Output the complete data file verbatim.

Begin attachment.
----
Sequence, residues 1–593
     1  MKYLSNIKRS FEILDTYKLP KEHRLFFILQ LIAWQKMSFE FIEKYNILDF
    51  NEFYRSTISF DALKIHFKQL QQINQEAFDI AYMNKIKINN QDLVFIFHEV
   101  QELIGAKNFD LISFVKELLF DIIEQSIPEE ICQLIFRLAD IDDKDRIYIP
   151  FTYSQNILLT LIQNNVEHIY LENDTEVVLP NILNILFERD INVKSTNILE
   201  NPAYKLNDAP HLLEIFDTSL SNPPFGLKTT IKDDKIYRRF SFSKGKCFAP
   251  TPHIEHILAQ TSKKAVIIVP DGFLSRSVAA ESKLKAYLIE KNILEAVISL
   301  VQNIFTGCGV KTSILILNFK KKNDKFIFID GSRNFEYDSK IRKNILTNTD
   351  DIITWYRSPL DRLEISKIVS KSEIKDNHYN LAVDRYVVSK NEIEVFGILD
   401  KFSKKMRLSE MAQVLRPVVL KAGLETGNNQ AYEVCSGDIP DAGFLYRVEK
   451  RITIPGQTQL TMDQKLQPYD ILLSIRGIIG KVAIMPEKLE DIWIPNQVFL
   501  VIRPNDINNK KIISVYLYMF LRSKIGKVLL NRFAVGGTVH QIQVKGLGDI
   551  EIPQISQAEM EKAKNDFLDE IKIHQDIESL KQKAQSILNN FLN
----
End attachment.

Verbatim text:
Sequence, residues 1–593
     1  MKYLSNIKRS FEILDTYKLP KEHRLFFILQ LIAWQKMSFE FIEKYNILDF
    51  NEFYRSTISF DALKIHFKQL QQINQEAFDI AYMNKIKINN QDLVFIFHEV
   101  QELIGAKNFD LISFVKELLF DIIEQSIPEE ICQLIFRLAD IDDKDRIYIP
   151  FTYSQNILLT LIQNNVEHIY LENDTEVVLP NILNILFERD INVKSTNILE
   201  NPAYKLNDAP HLLEIFDTSL SNPPFGLKTT IKDDKIYRRF SFSKGKCFAP
   251  TPHIEHILAQ TSKKAVIIVP DGFLSRSVAA ESKLKAYLIE KNILEAVISL
   301  VQNIFTGCGV KTSILILNFK KKNDKFIFID GSRNFEYDSK IRKNILTNTD
   351  DIITWYRSPL DRLEISKIVS KSEIKDNHYN LAVDRYVVSK NEIEVFGILD
   401  KFSKKMRLSE MAQVLRPVVL KAGLETGNNQ AYEVCSGDIP DAGFLYRVEK
   451  RITIPGQTQL TMDQKLQPYD ILLSIRGIIG KVAIMPEKLE DIWIPNQVFL
   501  VIRPNDINNK KIISVYLYMF LRSKIGKVLL NRFAVGGTVH QIQVKGLGDI
   551  EIPQISQAEM EKAKNDFLDE IKIHQDIESL KQKAQSILNN FLN